06 January 2011

Weather-Making: Thunderstorms In Place of Desalinators

The Metro System scientists used ionisers to produce negatively charged particles ....

They have a natural tendency to attach to tiny specks of dust which are ever-present in the atmosphere in the desert-regions.

These are then carried up from the emitters by convection - upward currents of air generated by the heat release from sunlight as it hits the ground.

Once the dust particles reach the right height for cloud formation, the charges will attract water molecules floating in the air which then start to condense around them.

If there is sufficient moisture in the air, it induces billions of droplets to form which finally means cloud and rain. _DailyMail

Scientists from the Max Planck Institute for Meteorology have been fiddling with Abu Dhabi's weather. Using the negative-ion generators pictured above, the scientists have been successful in creating rainfal and thunderstorms in the Arabian summer months of July and August -- when rain rarely falls naturally.
Last June Metro Systems built five ionising sites each with 20 emitters which can send trillions of cloud-forming ions into the atmosphere.

Over four summer months the emitters were switched on when the required atmospheric level of humidity reached 30 per cent or more.

While the country's weather experts predicted no clouds or rain in the Al Ain region, rain fell on FIFTY-TWO occasions.

The project was monitored by the Max Planck Institute for Meteorology, one of the world's major centres for atmospheric physics.

Professor Hartmut Grassl, a former institute director, said: There are many applications. One is getting water into a dry area.

'Maybe this is a most important point for mankind.'

...Building an ionising system is about £7 million while a desalination plant would be £850 million and costs a lot more to run.

Some scientists are treating the results in Al Ain with caution because Abu Dhabi is a coastal state and can experience natural summer rainfall triggered by air picking up moisture from the warm ocean before dropping it on land.

But the number of times it rained in the region so soon after the ionisers were switched on has encouraged researchers.

Professor Peter Wilderer witnessed the experiments first hand and is backing the breakthrough. _DailyMail
Local and regional control of weather and climate has long been a goal of visionaries and utopians. An entire arsenal of weather devices will be needed, for dealing with the extremes of any season. In this case, the ability to trigger rainfall can substitute for more expensive desalination plants -- for freshwater. In other situations, seasonal weather might be modified to create ideal growing seasons for highly valued crops.

In this modern age of global warming cooling climate change, it's best to be prepared for anything.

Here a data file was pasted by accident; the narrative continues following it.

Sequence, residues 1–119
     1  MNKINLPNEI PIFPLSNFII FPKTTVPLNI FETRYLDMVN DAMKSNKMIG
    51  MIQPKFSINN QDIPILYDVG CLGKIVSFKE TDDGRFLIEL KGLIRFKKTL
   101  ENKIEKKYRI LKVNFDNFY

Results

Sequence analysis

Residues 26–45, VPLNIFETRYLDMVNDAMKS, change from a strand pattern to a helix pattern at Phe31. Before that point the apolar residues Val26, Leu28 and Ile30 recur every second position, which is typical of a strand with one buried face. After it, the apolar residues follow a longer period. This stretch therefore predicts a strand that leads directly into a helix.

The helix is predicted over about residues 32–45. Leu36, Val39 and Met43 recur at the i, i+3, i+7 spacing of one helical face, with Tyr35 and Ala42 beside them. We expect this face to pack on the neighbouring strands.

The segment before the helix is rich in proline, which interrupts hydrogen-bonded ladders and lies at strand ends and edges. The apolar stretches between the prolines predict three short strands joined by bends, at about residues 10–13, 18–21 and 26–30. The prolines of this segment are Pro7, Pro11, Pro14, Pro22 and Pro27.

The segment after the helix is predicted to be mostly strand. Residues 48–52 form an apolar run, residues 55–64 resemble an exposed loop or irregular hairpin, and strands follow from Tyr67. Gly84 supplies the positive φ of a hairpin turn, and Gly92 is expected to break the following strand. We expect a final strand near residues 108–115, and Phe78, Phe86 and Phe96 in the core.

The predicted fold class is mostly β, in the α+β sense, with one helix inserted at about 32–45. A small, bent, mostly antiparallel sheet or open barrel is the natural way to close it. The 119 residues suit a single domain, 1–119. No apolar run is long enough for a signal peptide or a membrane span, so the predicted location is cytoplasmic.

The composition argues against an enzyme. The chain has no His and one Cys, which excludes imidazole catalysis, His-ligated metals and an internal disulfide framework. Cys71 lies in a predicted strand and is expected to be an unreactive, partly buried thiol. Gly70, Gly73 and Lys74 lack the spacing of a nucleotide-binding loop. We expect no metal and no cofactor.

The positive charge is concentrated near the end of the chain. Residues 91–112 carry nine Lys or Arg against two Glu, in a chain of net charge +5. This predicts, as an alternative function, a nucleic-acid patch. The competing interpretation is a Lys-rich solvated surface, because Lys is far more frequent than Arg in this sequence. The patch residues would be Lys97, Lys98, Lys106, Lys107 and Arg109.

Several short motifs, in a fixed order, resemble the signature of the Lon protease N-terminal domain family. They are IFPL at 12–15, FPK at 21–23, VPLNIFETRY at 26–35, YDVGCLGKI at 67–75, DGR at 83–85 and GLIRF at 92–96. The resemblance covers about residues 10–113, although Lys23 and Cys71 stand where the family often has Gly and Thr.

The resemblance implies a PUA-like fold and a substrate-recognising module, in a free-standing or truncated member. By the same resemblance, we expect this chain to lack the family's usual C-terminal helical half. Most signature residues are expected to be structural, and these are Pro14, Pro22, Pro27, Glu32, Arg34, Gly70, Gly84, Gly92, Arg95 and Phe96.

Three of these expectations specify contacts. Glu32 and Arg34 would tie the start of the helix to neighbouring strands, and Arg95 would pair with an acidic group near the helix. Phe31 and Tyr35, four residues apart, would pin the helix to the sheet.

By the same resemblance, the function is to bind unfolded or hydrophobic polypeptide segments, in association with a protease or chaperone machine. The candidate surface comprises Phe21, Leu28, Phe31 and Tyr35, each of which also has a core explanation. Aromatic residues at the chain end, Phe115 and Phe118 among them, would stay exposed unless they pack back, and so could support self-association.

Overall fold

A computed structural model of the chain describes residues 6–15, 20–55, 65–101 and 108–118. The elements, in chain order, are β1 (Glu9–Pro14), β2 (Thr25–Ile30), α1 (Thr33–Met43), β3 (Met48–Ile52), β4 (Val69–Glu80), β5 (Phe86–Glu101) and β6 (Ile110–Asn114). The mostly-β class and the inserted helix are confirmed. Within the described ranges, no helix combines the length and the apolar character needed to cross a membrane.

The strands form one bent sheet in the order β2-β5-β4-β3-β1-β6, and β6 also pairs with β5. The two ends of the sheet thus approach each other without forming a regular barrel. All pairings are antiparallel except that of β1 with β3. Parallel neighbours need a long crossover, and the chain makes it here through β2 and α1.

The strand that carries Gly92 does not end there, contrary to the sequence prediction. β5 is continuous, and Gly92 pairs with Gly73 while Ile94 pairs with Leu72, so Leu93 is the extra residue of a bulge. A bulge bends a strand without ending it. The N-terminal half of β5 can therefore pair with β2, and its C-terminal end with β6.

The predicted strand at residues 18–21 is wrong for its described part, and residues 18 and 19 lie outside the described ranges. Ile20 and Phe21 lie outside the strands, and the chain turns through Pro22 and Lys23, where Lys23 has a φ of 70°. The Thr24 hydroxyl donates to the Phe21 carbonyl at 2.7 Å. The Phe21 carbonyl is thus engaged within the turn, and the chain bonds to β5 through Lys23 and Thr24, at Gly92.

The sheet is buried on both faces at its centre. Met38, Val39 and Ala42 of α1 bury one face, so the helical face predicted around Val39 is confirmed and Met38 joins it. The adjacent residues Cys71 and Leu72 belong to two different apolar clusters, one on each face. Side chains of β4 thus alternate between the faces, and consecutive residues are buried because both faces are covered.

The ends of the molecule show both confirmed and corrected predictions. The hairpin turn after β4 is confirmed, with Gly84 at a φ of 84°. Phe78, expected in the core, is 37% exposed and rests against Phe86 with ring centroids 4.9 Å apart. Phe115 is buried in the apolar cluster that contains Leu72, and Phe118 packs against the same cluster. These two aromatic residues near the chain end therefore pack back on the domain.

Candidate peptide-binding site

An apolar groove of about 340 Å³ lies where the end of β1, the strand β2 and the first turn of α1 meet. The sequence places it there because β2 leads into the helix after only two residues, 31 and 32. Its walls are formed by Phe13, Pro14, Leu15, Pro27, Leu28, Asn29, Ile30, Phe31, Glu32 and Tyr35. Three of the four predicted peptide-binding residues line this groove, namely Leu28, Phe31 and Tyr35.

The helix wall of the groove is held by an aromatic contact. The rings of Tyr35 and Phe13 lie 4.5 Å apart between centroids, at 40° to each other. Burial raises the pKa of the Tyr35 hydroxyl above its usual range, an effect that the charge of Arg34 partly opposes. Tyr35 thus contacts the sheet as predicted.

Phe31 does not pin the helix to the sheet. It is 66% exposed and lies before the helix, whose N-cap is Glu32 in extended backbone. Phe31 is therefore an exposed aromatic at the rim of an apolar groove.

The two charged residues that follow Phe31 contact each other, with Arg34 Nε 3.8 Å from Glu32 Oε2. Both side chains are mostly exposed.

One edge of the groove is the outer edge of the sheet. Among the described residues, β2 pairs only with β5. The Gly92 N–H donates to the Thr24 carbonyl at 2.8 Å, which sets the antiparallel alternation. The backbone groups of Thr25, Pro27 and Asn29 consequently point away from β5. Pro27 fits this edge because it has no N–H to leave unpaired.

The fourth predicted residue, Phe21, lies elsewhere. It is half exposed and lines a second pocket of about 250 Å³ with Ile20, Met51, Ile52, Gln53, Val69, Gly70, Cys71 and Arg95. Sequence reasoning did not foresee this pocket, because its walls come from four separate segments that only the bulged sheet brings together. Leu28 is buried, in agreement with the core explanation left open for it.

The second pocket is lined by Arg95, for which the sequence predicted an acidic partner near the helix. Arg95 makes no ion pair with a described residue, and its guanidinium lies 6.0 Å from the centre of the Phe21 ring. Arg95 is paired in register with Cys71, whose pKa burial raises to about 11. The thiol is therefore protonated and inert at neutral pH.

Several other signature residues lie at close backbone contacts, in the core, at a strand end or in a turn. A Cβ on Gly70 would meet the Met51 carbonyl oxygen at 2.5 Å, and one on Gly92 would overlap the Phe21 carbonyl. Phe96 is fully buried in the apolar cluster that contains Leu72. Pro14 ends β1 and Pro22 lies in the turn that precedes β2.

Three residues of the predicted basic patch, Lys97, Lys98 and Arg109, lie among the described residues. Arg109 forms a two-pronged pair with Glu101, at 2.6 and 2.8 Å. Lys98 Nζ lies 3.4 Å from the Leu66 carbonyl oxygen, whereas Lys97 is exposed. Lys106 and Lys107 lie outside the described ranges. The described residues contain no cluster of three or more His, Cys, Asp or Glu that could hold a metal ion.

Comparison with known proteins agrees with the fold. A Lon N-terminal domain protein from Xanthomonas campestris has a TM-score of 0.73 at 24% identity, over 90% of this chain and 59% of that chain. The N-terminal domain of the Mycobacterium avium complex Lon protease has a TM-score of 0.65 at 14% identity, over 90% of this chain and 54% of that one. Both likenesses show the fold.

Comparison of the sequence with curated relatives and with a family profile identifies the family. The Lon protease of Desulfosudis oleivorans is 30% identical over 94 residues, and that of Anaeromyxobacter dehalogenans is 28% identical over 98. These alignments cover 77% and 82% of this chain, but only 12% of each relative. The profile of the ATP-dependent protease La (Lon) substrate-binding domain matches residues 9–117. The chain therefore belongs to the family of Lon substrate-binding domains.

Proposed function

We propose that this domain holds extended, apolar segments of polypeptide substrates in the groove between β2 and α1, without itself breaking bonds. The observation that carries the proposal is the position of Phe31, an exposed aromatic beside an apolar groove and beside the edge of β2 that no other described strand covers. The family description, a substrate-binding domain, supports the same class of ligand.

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Blogger Cheryl Pass said...

Why does this article scare me? Those who can turn it on, can also turn it off. Plus, I have some serious regard for nature. Messing around with it seems really risky.

Just thinking aloud here..
Thanks for all of the interesting articles you post here!!

Friday, 07 January, 2011  
Blogger Loren said...

What you need now is a giant boiler upwind so you can make the moisture needed to do this without disrupting the moisture flow to other regions.

Friday, 07 January, 2011  
Anonymous Anonymous said...

Once an area develops vegetation it starts recycling moisture in the area by transpiration and producing aerosols from fungal spores, pollen... even pheromones from ants have been claimed to increase rain in forests by promoting condensation. Using wide-scale meteorology and well spaced ionizers you could exert more subtle control over the process. You might be able to get the ions into the air in advance of rising upper-level humidity rather than waiting until it is upon you. So the clouds would form as soon as the moist air arrived rather than sometime after the machines kick in.

Not to say that their would not be political squabbles over this but since most of the nations who would benefit most from this are large enough to be able to have their own network of ionizers. And as long as it is done in combination with other desertification measures to keep the water from running straight out to the sea or down into the deep ground it would not be taking moisture from down wind but borrowing it until it went back up via transpiration.

I think this deserves some further investigation. Also, passive solar heating of the air surrounding the charged particles produced might help get them up higher and sooner. That solar tower concept they were developing for heating air at ground level to drive wind turbines up the tower might be useful even without the power generation aspect. Pump your ions into the greenhouse-like structure below and let the rising hot air bring them up the tower without needing to work their way through the first few (Few dozen? Few hundred?) stories worth of atmosphere.

Friday, 07 January, 2011  

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